An image of the Romeo & Juliet performance on the YoungArts campus. Photo by Michael Bolden.
As much a block party on a mild May evening in Miami as a reinterpretation of classic Shakespeare, the performance of “Romeo & Juliet Outside the Box” on the plaza of the YoungArts’ Biscayne Boulevard campus Friday delivered what its creators, playwright, actor and director Tarell Alvin McCraney and filmmaker Andrew Hevia had promised: an experience.
Theater purists may scoff at the idea at their own peril.
As Shakespeare’s prologue boomed from the speakers, setting the scene alongside songs by Björk and rock and nu-soul music, the crowd settled loosely around a raised center platform. In the week leading to the presentation, McCraney and Hevia had talked about an “interactive performance” — but left the particulars fuzzy. Then the very first performer, Eddie Brown, dressed all in black with a hoodie, set the tone startling a few people by seemingly coming out of nowhere, racing about and into the audience while updating the anguish in the original text, saying urgently, “It’s time. Does anyone have the time?”
Never mind theater’s “fourth wall.” This was, artistically and literally, a no-walls theater.
In fact, Shakespeare’s words were reframed not only by the staging, but also by unexpected turns such as the comic relief provided by actor Josué González, who emerged from the crowd to ask, in heavily Caribbean-accented Spanish, “¿Pero que co... es esto?” (What the ---- is this?) — probably speaking for some in the audience, still wondering what this “Romeo & Juliet” was about. (Without missing a beat, a “Capulet,” in character, asked him about the language and if he was “a Sicilian.” “No, Puerto Rican,” deadpanned González.)
And just like that, we were off to the races, to see what was the matter with Romeo, Juliet and these Capulets and Montagues who wanted to do all this fighting.
The performance moved from free form, over and around the platform, to a more formal stage for a lyrical pas de deux by Miami City Ballet’s Emily Bromberg and Jovani Furlan. There were also performances on two smaller, satellite stages, and then it was up the stairs, inside the Jewel Box. Enclosed in multicolored stained-glass, the iconic building was built in 1974 as an annex for Bacardi Rum Company’s offices, each side of the box displaying a stage in the rum-making process. It’s now mostly empty. For this performance, a section of one of the floors was set up with pillows, an invitation to the audience to lie down and gaze at the stars projected on a wall, and share the lovers’ only night together.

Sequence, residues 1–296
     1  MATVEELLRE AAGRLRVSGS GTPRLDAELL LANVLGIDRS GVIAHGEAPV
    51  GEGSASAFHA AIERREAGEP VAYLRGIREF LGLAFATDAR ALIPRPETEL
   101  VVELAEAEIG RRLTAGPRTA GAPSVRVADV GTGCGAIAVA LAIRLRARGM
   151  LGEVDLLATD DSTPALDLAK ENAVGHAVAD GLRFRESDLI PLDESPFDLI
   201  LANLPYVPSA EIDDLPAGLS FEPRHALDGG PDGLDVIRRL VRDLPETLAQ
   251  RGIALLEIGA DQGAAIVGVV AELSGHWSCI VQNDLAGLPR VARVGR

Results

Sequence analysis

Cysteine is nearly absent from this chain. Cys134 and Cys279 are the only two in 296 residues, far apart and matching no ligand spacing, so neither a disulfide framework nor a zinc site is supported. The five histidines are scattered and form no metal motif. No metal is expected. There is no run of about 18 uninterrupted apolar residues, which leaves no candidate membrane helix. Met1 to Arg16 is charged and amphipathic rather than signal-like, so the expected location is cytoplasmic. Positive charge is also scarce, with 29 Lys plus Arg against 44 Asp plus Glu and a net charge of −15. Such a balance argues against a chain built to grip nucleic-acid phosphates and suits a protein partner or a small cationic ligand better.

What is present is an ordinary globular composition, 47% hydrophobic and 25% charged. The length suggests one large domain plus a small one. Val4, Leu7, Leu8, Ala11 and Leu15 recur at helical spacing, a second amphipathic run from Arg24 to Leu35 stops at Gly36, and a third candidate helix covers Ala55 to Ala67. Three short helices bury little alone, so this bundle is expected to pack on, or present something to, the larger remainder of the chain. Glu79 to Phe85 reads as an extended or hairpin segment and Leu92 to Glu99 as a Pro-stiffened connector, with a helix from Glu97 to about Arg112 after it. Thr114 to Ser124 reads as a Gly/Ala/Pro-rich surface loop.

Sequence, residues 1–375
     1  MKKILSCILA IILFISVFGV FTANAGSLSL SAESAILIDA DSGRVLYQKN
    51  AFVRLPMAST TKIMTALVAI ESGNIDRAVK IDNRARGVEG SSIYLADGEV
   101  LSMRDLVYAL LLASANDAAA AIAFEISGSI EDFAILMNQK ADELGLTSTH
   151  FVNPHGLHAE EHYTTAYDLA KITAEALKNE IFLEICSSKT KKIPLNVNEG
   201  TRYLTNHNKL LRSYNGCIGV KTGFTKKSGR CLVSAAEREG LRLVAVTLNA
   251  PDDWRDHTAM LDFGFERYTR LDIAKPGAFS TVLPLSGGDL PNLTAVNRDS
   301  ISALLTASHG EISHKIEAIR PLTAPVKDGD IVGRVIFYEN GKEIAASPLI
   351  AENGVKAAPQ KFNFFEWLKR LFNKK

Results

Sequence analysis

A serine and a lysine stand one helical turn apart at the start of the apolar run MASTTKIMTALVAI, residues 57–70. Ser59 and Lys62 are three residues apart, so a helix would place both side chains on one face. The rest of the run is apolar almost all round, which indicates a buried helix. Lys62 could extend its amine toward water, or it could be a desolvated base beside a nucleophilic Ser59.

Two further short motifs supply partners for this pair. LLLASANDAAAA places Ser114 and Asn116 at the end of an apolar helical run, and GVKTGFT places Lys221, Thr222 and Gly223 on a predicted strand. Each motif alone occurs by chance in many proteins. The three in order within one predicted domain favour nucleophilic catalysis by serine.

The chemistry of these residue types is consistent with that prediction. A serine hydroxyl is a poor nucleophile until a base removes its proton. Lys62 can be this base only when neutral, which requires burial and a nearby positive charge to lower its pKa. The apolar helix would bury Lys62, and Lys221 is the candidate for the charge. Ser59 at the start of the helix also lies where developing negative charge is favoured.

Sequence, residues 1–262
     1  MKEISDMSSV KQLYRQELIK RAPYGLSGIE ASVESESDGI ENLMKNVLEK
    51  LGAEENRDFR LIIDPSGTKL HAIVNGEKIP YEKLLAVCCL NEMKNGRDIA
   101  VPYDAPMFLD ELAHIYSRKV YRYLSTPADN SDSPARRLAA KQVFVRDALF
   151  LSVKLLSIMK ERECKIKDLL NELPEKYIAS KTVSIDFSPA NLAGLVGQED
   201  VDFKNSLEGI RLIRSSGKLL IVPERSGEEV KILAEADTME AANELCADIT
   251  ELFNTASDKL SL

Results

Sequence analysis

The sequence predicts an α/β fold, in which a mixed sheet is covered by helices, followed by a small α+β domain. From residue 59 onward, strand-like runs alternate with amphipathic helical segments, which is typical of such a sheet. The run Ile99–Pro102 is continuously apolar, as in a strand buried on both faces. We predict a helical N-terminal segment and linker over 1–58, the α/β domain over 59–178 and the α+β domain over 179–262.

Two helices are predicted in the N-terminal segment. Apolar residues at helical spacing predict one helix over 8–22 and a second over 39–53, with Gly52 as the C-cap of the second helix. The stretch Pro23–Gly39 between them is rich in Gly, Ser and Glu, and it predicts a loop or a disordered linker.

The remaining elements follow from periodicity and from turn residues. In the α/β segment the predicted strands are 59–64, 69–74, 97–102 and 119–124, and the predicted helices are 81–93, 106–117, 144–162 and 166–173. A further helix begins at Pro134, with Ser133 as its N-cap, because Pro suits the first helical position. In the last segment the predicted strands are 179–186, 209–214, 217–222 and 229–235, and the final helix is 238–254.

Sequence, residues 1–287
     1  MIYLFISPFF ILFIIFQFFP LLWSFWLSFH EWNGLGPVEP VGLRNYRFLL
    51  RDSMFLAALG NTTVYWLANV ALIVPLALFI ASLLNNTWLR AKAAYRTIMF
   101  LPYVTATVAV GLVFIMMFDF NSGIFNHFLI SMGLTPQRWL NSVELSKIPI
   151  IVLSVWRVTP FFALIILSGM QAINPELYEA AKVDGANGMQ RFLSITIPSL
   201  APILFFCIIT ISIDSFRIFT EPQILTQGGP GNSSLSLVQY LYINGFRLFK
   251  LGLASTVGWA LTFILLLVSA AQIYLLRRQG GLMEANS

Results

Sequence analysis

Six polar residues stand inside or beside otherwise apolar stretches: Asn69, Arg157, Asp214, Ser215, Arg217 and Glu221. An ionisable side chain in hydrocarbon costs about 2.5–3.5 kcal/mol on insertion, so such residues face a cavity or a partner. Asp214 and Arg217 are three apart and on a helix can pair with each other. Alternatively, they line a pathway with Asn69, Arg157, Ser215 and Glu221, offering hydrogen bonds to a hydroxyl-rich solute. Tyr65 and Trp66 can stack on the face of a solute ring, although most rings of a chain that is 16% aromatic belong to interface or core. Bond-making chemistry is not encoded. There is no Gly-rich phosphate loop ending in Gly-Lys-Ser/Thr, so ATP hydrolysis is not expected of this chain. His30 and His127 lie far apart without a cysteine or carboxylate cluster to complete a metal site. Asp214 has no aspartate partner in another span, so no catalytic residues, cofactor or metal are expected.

When the moment passed, Romeo and Juliet left on the elevator, back to the plaza.
At one point, an interlude/recap/visual CliffNotes of the play was projected on the back wall of the main building. The slyly funny short film, edited by Hevia, co-founder of the Borscht Film Festival, was constructed of snippets from what seemed nearly every “Romeo and Juliet” movie in memory, including cartoons — and then it was, again, on to the live action.
Still, for all that went on, to discuss the parts, is to miss the whole.
As the drama unfolded, the crowd, seemingly uncertain about their place at first, casually wandered about the plaza. Estimated at about 500 by a YoungArts representative, this was an audience of a diversity rare even for Miami, and made up of a loose, lively mix that included arts cognoscenti, newcomers and neighborhood people enjoying an evening out with the kids. Many took time to stop by the stands to get tacos, buy a drink and have a chat — and then it was back to the action, wherever it was now.
Both entertaining and thought-provoking, “Romeo & Juliet Outside the Box” was theater as a truly social, communal experience. Impossible to confirm, but one suspects Mr. Shakespeare would’ve approved.